vember. Whenever a quintet of pin tumblers
organized a team in the past (hey
hiked for a malt dealer and from him
obtained the necessary ' backing to
keep the team going and also pay ex
penses of visits to the big tourna
ments of the country. But, alas, for
the poor maple smasher, the malt
dealer is no longer an oasis of wealth.
He must even seek other pastures to
provide his own income. And he is
not putting up cash for bowlers to
visit lournanents with.
The annual American Bowling con
gress is soon to be held at Grand
Kapids, M ich. Omaha has always been
conspicuous by its presence at previ
ous American tournaments. But this
year Omaha threatens to be conspicu
ous by its absence. While Chicago. St.
'Louis, Cincinnati, Indianapblis, Buf
falo. I'eona. Cleveland, Minneapolis.
Milwaukee and other cities of the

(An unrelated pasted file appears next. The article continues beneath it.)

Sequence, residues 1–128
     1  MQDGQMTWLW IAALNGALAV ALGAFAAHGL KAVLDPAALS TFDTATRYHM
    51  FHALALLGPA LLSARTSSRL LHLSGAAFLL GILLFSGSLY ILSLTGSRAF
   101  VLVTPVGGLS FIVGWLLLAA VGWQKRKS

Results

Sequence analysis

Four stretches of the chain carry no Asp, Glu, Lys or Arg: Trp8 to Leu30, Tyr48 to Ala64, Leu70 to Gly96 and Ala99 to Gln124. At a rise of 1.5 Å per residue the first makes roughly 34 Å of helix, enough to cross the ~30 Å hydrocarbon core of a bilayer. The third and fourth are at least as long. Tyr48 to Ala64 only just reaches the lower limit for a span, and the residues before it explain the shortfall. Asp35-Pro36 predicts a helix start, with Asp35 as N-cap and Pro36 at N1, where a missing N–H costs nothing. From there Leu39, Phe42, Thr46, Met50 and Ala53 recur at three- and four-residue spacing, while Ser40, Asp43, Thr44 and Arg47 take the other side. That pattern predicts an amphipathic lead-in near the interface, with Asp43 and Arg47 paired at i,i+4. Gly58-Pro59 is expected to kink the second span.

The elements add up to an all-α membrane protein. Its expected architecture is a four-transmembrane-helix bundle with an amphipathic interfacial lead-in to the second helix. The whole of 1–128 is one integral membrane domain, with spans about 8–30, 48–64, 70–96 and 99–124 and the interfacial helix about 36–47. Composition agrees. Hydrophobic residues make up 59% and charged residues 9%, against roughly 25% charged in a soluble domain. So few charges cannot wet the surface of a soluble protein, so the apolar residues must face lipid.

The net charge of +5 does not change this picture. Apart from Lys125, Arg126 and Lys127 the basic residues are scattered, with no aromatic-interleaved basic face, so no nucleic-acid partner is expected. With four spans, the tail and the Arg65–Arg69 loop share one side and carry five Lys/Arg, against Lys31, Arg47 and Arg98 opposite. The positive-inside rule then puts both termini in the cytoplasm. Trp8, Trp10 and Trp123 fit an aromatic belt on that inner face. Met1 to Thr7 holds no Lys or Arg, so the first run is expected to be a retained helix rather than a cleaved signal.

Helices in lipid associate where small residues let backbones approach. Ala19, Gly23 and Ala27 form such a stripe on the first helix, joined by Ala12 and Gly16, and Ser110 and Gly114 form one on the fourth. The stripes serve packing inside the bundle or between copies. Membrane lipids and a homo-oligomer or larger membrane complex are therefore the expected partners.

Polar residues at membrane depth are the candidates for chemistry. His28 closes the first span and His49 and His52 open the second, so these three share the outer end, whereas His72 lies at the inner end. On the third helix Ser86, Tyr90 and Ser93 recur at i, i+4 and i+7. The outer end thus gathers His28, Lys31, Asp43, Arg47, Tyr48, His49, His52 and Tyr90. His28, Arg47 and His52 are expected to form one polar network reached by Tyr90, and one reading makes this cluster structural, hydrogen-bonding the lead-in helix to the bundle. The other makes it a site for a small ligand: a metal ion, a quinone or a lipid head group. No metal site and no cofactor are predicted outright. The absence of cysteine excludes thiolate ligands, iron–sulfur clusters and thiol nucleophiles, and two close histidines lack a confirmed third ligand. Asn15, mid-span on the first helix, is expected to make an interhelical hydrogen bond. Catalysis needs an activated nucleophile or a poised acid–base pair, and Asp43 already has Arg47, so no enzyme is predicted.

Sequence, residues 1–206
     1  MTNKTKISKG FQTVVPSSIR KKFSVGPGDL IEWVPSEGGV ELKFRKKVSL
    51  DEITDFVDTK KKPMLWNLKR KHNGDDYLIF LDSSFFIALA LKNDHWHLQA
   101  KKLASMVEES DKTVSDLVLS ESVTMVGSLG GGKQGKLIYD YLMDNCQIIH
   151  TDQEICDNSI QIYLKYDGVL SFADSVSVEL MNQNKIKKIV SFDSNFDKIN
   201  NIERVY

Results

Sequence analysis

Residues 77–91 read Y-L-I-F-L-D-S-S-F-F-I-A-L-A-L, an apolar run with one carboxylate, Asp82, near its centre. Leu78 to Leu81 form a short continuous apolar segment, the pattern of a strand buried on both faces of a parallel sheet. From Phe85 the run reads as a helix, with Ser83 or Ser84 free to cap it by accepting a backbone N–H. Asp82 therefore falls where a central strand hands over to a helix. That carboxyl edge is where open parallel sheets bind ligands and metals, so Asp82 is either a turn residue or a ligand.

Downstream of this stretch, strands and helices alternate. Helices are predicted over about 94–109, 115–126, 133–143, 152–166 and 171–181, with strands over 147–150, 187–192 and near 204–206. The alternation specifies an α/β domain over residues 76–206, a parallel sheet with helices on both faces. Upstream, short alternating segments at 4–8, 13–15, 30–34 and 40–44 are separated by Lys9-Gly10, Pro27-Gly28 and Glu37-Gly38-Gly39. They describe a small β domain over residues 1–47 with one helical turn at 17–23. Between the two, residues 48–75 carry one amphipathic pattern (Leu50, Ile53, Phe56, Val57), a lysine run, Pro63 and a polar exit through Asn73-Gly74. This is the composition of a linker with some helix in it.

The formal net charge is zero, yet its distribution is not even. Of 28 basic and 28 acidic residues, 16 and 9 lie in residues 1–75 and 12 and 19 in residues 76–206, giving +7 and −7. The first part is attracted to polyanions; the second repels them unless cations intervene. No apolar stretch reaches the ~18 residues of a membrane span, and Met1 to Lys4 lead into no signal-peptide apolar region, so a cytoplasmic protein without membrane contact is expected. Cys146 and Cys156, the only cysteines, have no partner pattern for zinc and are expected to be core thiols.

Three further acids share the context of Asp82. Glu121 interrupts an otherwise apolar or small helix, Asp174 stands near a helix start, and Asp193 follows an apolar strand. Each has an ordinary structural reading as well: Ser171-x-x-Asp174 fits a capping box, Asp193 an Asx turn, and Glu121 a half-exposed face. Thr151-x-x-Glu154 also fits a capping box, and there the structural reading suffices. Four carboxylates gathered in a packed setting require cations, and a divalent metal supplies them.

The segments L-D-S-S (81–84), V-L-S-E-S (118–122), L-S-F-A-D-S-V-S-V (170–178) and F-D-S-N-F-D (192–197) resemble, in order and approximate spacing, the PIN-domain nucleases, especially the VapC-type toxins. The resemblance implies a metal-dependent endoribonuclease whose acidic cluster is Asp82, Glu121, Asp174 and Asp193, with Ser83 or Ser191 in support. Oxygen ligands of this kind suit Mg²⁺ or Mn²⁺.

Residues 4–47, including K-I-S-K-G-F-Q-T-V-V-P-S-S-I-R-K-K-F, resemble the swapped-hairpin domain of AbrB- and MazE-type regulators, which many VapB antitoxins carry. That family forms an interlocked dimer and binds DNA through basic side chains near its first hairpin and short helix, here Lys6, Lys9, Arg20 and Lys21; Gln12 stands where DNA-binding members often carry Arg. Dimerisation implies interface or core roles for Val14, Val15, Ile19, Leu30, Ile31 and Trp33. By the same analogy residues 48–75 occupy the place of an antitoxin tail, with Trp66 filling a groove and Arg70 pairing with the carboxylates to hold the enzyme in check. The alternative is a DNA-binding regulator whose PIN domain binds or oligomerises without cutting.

country are preparing to send the
largest delegations in hisory, Omaha
is struggling to send a team or two
to uphold the fair name of this city
in the bowling circles of the country.
The pin tumblers have made an ap
peal to the Commercial club and the
business men of the c'ty for funds to
send a couple of teams at least. They
have succeeded in raising $200. By
raising $ 1 50 more Omaha can send a
fairly representative delegatiorr to the
big meet and the local pin tumblers
hope that Omaha business men 'will
subscribe this! amount this week, as
the entries close shortly.
Defeat for Beatrice
High by University Place
Beatric, Neh., Feb. 3. (Special.)
The University Place basket ball
team last evening defeated the
Beatrice High school five at the high
school gym here, by the score of
18 to 9. At the end of the first half
the score was 7 to 7. Baney of Uni
versity Place made eight Bcores in
three throws. The lineup:
U.Nt. PLACE. BEATRICE.
Baney . ,
.... c. c
R O IK O
Klina of Lincoln.
Jury Clears Hap Myers
On Charge of Robbery
Ralph (Hap) Myers, former first
baseman of the Boston Braves, is a
"free agent" again. A jury at El
Paso has cleared him of the charge
of highway robbery after a trial last
ing more than a week.
Both Mrs. Stecher and Mrs. Peters
are ardent wrestling fans; and, of